I do sometimes wonder how people sleep at night

Image of Kris Maharaj

 by Clive Stafford Smith, Reprieve Co-founder

 

 

 

Every time I think that Kris Maharaj cannot be subjected to any more injustice, agents of the State of Florida comes up trumps. Last week I visited Kris in the euphemistically-named South Florida Reception Center – he was received into the prison system 33 years ago for a crime he did not commit.

This time I was there to share the good news that the Magistrate Judge had set a hearing for October 17 where we would finally be allowed to prove that his trial was manifestly unfair. The Magistrate had already agreed that we had submitted proof such that no reasonable juror could now convict Kris of the murders of Derrick and Duane Moo Young in Room 1215 of Miami’s Dupont Plaza Hotel, all those years ago on October 16th, 1986.

We dismantled every element of the prosecution case against Kris, and obtained sworn testimony from six unimpeached alibi witnesses who placed him far away. Kris passed his lie detector test: the prosecution’s star witness did not. Lastly, we lined up half a dozen Colombian cartel witnesses who expressed shock that this Maharaj was locked up for killing the Moo Youngs. The murders were a hit ordered by Pablo Escobar, they said – the Moo Youngs had been stealing from the Narcos and had to die.

One might imagine that this would be sufficient for Kris to be restored to the arms of his long-suffering wife Marita, but under current U.S. precedent it is, we are told, possible that a fair trial should come to the wrong result. Hence, logic mandates, the mere fact that you are innocent is not enough: you must prove the trial was itself marred.

I stayed with Marita the night before my prison visit – she lives a lonely life in South Florida, only permitted to visit her husband every week or two. The only disciplinary sanction Kris has got in three decades in prison involved a violation of the visitation policy – he stole a second kiss with his wife, when the rules only allow one. Marita’s cottage is a shrine to the life they once had, with pictures of the couple in their London heyday, when Kris was a self-made millionaire. She served me breakfast at the table where, every Christmas for the past 33 years, she has set a place for her husband, maintaining the fantasy that he might walk in any moment.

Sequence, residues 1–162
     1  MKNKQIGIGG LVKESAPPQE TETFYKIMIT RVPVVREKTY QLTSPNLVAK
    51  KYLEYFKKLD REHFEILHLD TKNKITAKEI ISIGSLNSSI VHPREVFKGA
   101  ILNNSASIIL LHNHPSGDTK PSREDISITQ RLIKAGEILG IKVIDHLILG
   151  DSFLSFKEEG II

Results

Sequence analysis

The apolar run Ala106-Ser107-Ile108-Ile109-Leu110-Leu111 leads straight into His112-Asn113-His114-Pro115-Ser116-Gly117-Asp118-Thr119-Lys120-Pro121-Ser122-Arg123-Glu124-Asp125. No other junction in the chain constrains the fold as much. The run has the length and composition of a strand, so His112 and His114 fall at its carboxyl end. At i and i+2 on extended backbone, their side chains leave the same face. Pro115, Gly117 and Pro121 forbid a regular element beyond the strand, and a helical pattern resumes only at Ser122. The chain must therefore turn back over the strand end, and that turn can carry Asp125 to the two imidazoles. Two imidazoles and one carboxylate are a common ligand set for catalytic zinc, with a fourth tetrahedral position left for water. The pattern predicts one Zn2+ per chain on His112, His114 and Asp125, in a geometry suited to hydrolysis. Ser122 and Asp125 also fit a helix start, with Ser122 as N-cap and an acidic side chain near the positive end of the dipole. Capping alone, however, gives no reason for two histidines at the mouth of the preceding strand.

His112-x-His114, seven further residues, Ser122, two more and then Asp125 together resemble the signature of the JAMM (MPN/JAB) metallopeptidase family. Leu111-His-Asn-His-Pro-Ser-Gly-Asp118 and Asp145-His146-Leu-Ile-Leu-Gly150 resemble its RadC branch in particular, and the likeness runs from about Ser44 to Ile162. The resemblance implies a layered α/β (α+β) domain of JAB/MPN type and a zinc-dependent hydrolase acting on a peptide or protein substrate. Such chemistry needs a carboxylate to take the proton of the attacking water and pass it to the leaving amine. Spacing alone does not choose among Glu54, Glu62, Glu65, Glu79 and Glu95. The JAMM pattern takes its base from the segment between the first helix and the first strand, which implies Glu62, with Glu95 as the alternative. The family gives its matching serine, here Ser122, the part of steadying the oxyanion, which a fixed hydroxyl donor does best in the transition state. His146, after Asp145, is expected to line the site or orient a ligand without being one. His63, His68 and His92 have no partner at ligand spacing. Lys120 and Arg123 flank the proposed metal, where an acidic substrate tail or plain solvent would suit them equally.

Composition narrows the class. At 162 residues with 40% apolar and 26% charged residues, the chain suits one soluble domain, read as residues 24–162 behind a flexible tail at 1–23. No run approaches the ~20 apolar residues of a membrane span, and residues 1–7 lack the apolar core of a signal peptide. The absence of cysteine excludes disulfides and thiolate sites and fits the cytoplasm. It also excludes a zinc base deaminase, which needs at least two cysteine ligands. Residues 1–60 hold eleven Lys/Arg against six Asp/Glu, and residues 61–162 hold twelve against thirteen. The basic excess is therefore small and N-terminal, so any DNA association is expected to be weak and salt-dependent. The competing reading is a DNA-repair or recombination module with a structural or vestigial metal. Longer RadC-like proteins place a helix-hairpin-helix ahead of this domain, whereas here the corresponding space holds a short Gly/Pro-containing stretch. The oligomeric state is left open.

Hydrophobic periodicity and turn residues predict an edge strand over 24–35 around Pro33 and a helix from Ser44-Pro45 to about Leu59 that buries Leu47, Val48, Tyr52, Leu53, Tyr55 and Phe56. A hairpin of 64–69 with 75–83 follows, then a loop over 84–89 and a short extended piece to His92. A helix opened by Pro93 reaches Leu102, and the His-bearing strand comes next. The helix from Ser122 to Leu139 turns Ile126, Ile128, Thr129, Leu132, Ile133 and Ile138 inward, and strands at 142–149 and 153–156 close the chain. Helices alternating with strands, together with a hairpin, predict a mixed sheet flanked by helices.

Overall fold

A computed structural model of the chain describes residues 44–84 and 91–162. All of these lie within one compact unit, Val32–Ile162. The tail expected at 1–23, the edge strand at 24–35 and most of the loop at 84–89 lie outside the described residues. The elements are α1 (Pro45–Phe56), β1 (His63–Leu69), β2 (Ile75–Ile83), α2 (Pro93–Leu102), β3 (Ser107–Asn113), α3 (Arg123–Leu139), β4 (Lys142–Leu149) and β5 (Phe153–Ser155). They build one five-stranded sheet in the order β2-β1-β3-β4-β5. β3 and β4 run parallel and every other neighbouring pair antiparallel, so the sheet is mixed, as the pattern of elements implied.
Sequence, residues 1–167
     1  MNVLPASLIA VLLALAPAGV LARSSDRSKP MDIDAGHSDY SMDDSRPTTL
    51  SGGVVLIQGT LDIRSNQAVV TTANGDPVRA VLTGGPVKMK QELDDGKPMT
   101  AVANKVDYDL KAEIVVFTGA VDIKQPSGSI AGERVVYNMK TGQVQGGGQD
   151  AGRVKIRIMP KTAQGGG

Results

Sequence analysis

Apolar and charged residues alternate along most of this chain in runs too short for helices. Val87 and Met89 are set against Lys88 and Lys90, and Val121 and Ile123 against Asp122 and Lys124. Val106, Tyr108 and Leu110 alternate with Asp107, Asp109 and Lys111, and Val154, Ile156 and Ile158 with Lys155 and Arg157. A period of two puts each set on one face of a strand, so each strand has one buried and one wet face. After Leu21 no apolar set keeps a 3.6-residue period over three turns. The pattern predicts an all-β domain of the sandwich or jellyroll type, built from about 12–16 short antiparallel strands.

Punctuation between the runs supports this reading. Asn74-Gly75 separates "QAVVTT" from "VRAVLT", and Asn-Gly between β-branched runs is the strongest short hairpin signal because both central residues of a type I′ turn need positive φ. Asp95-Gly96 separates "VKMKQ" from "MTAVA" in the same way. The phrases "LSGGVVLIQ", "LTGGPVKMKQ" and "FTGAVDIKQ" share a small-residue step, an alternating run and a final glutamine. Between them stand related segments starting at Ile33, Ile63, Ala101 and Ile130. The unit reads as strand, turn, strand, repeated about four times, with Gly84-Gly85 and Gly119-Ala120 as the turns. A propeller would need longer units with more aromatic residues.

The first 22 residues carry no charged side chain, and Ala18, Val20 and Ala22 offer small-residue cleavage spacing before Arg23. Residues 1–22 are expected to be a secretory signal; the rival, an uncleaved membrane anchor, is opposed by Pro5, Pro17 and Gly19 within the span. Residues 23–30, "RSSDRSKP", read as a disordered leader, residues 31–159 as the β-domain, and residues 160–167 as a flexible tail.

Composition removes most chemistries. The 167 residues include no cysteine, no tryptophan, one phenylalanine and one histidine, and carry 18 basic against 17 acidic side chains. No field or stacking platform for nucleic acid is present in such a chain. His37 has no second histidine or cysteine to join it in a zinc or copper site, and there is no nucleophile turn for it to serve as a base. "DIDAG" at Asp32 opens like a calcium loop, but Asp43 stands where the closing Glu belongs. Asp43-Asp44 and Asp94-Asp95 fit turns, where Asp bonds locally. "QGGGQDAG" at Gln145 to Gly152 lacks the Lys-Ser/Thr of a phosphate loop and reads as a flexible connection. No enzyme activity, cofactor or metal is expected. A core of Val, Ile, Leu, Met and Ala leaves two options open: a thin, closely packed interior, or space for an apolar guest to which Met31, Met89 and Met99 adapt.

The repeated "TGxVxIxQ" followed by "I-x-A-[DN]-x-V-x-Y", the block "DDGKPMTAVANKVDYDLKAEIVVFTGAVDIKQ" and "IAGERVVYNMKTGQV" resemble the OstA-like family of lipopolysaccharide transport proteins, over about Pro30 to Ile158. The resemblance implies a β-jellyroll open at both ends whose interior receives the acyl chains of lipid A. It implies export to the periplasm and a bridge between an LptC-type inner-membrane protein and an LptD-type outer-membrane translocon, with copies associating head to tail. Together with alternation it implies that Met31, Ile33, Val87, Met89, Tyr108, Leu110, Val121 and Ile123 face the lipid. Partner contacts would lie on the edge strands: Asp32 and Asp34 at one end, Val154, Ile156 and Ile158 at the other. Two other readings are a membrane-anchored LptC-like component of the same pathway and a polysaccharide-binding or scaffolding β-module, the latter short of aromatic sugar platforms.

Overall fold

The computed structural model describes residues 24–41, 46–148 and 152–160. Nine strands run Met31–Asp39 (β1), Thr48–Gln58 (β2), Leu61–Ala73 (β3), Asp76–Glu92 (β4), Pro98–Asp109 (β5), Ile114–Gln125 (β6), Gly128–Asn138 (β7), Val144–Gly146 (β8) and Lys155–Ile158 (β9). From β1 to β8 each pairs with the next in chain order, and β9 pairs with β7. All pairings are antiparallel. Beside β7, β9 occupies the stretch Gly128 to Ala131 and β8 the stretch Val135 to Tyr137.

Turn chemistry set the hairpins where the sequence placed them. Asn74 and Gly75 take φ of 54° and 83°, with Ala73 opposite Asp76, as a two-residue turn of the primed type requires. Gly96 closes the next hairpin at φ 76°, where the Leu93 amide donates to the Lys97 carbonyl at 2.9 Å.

“…the mere fact that you are innocent is not enough…”

In the prison visitation area, Kris and I planned for his hearing. Though the Magistrate had only given us three weeks to prepare, we would meet the deadline, as it meant that Kris and Marita might, at long last, actually share their Christmas dinner this year. After 26 years working on the case, we were ready to prove multiple constitutional violations – from the suppression of exculpatory evidence (a government informant told them in 1986 that the cartel committed the murders), to the fact that the judge had himself been arrested on the third day of the trial for taking a bribe from a law enforcement agent posing as a drug dealer.

The first slap came with the State’s request for three months extra to prepare. That may not seem much, but it takes us into 2020, by which time Kris will be 81-years-old, Marita 80. The potential knock-out blow came the next day when the State filed an appeal, to try to prevent the hearing altogether. For 20 pages they argued that Kris should be barred from presenting evidence at all.

It is all nonsense, of course. They even had the gall to argue that we have not been diligent in pursuing proof of innocence, when I have been to Colombia and back to get it. We will do what we have always done: trudge on towards justice, hoping to persuade the appellate judge to respond with expedition. Meanwhile the State’s lawyers callously run down the clock on Kris’s life.

I do sometimes wonder how people sleep at night. I know I have often not been able to in the 26 years when Kris and Marita have been my responsibility, but that is because I fear I have not done enough, rather than too much.

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